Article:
Dan Anderson (left) and Ana Jaklenec
MIT Koch Institute
December 12, 2023
The National Academy of Inventors (NAI) announced the election of more than 160 people to their 2023 class of fellows, including two members of the MIT Koch Institute for Integrative Cancer Research, Daniel Anderson and Ana Jaklenec.
The highest professional distinction accorded solely to academic inventors, election to the NAI recognizes individuals who have created or facilitated outstanding inventions that have made a tangible impact on quality of life, economic development and the welfare of society.
“Daniel and Ana embody some of the Koch Institute’s core values of interdisciplinary innovation and drive to translate their discoveries into real impact for patients,” said Matthew Vander Heiden, director of the Koch Institute. “Their election to the academy is very well-deserved, and we are honored to count them both among the Koch Institute’s and MIT’s research community.”
Daniel G. Anderson is the Joseph R. Mares (1924) Professor of Chemical Engineering, and a core member of the Institute for Medical Engineering and Science. He is a leading researcher in the fields of nanotherapeutics and biomaterials. Anderson’s work has led to advances in a range of areas, including medical devices, cell therapy, drug delivery, gene therapy and material science, and has resulted in the publication of more than 500 papers, patents, and patent applications. He has founded several companies, including Living Proof, Olivo Labs, Crispr Therapeutics (CRSP), Sigilon Therapeutics, Verseau Therapeutics, oRNA, and VasoRx. He is a member of National Academy of Medicine, the Harvard-MIT Division of Health Science and Technology, and is an affiliate of the Broad and Ragon Institutes.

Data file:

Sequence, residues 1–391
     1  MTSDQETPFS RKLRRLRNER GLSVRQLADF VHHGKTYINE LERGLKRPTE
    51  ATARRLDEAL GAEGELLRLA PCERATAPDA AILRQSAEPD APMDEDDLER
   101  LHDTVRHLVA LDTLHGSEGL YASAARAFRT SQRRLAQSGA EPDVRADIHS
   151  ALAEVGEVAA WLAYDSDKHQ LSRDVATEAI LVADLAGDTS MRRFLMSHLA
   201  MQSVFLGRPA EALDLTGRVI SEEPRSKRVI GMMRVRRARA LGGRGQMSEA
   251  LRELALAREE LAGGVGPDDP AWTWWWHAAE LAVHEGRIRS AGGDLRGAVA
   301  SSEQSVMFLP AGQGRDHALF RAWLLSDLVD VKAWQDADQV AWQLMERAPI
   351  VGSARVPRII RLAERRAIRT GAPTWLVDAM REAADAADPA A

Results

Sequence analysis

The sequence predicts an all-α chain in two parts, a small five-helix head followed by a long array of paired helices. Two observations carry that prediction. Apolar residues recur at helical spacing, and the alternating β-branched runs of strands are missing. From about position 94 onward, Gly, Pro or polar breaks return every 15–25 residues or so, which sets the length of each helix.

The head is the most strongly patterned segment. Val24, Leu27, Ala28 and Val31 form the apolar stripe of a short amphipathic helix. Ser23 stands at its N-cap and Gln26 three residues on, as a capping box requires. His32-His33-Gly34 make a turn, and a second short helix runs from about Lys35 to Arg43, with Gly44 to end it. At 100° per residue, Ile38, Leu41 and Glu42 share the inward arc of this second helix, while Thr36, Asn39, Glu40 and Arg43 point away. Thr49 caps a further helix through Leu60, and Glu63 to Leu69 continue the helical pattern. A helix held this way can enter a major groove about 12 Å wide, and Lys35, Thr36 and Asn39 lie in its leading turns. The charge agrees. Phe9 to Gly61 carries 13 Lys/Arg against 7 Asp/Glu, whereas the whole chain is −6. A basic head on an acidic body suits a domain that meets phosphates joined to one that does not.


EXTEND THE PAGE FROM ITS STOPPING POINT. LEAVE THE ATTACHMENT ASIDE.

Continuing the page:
Ana Jaklenec, a principal research scientist and principal investigator at the Koch Institute is a leader in the fields of bioengineering and materials science, focused on controlled delivery and stability of therapeutics for global health. She is an inventor of several drug delivery technologies that have the potential to enable equitable access to medical care globally. Her lab is developing new manufacturing techniques for the design of materials at the nano- and micro-scale for self-boosting vaccines, 3D printed on-demand microneedles, heat stable polymer-based carriers for oral delivery of micronutrients and probiotics, and long-term drug delivery systems for cancer immunotherapy. She has published over 100 manuscripts, patents and patent applications and has founded three companies, Particles for Humanity, VitaKey and OmniPulse Biosciences.
Since its inception in 2012, the NAI Fellows program has grown to include 1,898 exceptional researchers and innovators, who hold over 63,000 U.S. patents and 13,000 licensed technologies. NAI Fellows are known for the societal and economic impact of their inventions, contributing to major advancements in science and consumer technologies. Their innovations have generated over $3 trillion in revenue and generated 1 million jobs.
“This year’s class of NAI Fellows showcases the caliber of researchers that are found within the innovation ecosystem. Each of these individuals are making significant contributions to both science and society through their work,” said Paul R. Sanberg, President of the NAI. “This new class, in conjunction with our existing Fellows, are creating innovations that are driving crucial advancements across a variety of disciplines and are stimulating the global and national economy in immeasurable ways as they move these technologies from lab to marketplace.”